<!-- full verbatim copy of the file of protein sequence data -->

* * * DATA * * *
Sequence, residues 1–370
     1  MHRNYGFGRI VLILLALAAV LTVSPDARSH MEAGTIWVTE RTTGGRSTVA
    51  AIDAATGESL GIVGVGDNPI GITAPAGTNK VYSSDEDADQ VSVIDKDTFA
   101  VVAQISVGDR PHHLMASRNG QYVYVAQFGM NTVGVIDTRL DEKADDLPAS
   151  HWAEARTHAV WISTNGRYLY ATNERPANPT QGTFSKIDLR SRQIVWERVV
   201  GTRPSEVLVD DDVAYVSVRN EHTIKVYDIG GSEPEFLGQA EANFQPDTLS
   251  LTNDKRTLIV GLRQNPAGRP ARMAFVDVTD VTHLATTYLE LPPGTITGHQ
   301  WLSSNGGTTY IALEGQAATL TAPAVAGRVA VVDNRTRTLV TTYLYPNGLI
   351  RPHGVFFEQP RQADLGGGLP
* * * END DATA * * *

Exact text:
Sequence, residues 1–370
     1  MHRNYGFGRI VLILLALAAV LTVSPDARSH MEAGTIWVTE RTTGGRSTVA
    51  AIDAATGESL GIVGVGDNPI GITAPAGTNK VYSSDEDADQ VSVIDKDTFA
   101  VVAQISVGDR PHHLMASRNG QYVYVAQFGM NTVGVIDTRL DEKADDLPAS
   151  HWAEARTHAV WISTNGRYLY ATNERPANPT QGTFSKIDLR SRQIVWERVV
   201  GTRPSEVLVD DDVAYVSVRN EHTIKVYDIG GSEPEFLGQA EANFQPDTLS
   251  LTNDKRTLIV GLRQNPAGRP ARMAFVDVTD VTHLATTYLE LPPGTITGHQ
   301  WLSSNGGTTY IALEGQAATL TAPAVAGRVA VVDNRTRTLV TTYLYPNGLI
   351  RPHGVFFEQP RQADLGGGLP